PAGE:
Wednesday, October 17, 2018
Wisely stewarding our precious 168 hours a week is a key to thriving in law school and in life. Ideally we should create realistic schedules that cover both short-term and long-term projects, giving ourselves appropriate intermediate deadlines and devoting the planned amount of time to the activities we have identified. Dennis Tonsing's 1000 Days to the Bar gives a very detailed, helpful, and realistic approach for doing this in the chapter on time management. Both his text and sample schedule emphasize that weekly attention to outlining, flow charts, and practice hypos is as important as preparing for class. I regularly recommend this chapter and its approach to my students.
Alas, scheduling in this manner doesn't work for everyone. (No system does.) When I talk with students about scheduling, many proclaim, "Schedules don't work for me; I make a daily "to-do" list." But the standard "to-do" list tends to be an undifferentiated mishmash of immediate needs that usually neglects long-term projects. Those who rely on daily lists rather than a weekly schedule are often focused on class preparation to the exclusion of systematic course review and exam preparation.
Most of us have seen or used a priority matrix (sometimes called an "Eisenhower decision matrix") that divides tasks into quartiles (important and urgent, important and not urgent, not important but urgent, and not important and not urgent). People tend to react strongly to these: they find them either incredibly useful or highly annoying. I fall into the latter camp; so do most of the list-makers among my students. How, then, to focus them on long-term goals?
Inspired by a blog post by Anita Dhake, a former big firm lawyer who retired in her thirties to travel and write, I started using a resolutions chart. Anita titled her post "The most valuable habit I ever adopted," and I'm finding this is true for me as well. Indeed, I have two resolutions charts now -- one for building good habits at home and one for building good habits at work. The resolution chart supplements the planner or to-do chart and provides an affirming method of building good habits and tracking progress toward long-term goals.
Here's the method (cribbed from Anita's happy original post): Start a spreadsheet. Across the top, write five or so resolutions that will make your life better by adopting the habits every day (or every work/school day). These can be a mixture of super-simple and more challenging. Students might include "Check syllabus assignments" (super-easy) and "Write answer to 10+ minute hypo" (more challenging and more subject to procrastination). My work resolutions chart currently includes "Check in library books" (super-easy, but something I often forget to do) and "Grade homework" (more challenging and much more subject to procrastination). Put in a row for every day of the month. Print out your sheet.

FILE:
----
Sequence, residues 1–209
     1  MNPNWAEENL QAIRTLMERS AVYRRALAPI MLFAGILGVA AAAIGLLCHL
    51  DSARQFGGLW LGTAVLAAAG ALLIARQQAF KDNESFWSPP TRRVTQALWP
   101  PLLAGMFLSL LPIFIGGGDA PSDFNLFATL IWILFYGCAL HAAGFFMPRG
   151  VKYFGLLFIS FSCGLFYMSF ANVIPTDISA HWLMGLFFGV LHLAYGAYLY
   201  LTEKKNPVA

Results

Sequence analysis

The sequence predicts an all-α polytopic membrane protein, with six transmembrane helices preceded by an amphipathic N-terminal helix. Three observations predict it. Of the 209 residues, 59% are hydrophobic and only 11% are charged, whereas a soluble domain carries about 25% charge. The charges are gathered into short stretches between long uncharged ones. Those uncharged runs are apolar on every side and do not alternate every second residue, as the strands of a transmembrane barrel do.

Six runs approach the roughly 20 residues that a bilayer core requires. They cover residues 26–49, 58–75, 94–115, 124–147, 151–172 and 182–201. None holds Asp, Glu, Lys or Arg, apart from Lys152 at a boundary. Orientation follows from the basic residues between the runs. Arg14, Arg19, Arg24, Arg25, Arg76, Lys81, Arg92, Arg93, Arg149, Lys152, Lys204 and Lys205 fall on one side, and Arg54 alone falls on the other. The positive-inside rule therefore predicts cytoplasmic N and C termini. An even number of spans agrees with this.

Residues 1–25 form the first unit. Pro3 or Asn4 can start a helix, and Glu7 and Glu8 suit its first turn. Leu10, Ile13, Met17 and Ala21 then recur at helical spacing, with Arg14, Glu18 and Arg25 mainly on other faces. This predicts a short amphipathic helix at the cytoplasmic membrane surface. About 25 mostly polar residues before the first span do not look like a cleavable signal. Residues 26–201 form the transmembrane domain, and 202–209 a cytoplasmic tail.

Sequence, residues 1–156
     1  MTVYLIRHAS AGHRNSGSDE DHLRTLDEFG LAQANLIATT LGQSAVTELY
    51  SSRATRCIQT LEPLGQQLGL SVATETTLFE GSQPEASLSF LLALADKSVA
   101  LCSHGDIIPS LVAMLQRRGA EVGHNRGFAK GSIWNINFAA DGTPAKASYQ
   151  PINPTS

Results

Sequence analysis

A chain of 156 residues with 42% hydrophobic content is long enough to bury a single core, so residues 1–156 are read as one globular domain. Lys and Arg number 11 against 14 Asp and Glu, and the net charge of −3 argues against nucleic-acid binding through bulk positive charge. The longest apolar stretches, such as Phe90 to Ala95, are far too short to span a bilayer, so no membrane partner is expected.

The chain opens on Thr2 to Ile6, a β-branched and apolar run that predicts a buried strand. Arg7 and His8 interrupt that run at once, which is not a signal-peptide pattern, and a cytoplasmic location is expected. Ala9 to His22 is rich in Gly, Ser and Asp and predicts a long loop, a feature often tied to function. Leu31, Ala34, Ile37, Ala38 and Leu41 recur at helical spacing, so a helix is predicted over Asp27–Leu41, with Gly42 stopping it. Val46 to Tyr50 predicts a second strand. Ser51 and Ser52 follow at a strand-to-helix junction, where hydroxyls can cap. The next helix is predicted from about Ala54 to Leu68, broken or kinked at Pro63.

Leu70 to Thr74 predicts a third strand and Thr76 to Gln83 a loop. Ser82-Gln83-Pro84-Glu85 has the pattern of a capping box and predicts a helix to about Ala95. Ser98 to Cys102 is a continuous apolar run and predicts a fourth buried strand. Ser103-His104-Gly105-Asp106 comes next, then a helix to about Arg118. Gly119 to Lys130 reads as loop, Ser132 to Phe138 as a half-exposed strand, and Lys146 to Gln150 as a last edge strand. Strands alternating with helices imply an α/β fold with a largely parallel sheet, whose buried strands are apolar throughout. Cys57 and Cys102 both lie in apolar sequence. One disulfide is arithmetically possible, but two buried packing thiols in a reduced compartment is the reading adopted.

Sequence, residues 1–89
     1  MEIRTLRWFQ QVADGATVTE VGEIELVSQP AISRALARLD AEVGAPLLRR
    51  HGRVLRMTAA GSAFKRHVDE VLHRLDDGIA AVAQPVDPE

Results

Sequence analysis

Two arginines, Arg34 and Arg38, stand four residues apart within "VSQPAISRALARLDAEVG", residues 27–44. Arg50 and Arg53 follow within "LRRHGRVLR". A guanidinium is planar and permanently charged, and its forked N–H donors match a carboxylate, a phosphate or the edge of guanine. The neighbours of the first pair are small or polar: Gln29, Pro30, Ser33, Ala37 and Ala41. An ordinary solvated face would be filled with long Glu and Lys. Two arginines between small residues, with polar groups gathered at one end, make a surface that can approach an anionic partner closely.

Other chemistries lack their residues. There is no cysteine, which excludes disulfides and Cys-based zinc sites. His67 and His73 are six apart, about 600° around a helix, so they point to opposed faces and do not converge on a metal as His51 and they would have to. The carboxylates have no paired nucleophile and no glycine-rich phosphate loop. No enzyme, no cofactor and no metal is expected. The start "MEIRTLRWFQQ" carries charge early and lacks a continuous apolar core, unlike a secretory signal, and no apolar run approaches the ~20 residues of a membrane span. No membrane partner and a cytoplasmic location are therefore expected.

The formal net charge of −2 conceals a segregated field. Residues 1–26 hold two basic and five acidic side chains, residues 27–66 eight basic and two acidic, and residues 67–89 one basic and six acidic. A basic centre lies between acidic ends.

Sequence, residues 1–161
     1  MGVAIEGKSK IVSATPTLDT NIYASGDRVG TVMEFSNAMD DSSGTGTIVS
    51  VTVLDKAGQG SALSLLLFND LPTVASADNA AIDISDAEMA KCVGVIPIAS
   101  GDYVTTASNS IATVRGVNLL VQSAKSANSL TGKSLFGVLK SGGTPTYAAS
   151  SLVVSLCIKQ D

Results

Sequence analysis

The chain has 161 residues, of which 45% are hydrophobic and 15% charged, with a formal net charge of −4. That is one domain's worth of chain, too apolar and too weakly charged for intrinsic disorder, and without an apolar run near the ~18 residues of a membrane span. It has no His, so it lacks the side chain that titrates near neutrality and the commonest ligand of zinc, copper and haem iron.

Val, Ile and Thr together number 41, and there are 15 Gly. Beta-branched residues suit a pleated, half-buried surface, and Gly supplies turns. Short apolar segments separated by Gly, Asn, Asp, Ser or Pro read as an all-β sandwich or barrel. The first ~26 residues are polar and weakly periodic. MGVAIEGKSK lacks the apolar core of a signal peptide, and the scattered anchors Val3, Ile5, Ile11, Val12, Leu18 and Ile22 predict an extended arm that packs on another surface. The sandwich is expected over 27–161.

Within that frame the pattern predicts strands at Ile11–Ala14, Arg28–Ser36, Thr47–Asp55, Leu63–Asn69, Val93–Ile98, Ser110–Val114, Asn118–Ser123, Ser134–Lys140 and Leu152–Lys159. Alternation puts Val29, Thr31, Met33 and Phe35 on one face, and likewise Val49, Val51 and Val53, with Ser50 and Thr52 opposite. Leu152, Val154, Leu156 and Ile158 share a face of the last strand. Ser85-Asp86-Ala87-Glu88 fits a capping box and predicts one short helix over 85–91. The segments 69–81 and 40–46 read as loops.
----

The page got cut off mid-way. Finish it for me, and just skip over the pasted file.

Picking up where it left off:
Look at your resolution chart daily to remind yourself of the habits you are trying to establish. Then, before bedtime, or leaving school or the office, take out your resolutions chart. Give yourself a gold star or a smiley face (or something similar that makes you happy) for every resolution that you accomplished. Accomplishing the easy goals helps you build your confidence; accomplishing a harder goal helps you to establish great habits. On days that you don't do the resolution, give yourself a number: a 1 the first time, a 2 the second time, and so on. This helps keep you honest! At the end of the month, score yourself. If you missed three days, you still get an A. Missing up to 6 days garners a B and 7-9 days gives you a C. Miss more than 9 days? -- you'll go on probation with a D. Don't feel bad about your "grade" -- celebrate your accomplishments and be honest about your challenges. And that in itself is a great accomplishment. (Nancy Luebbert)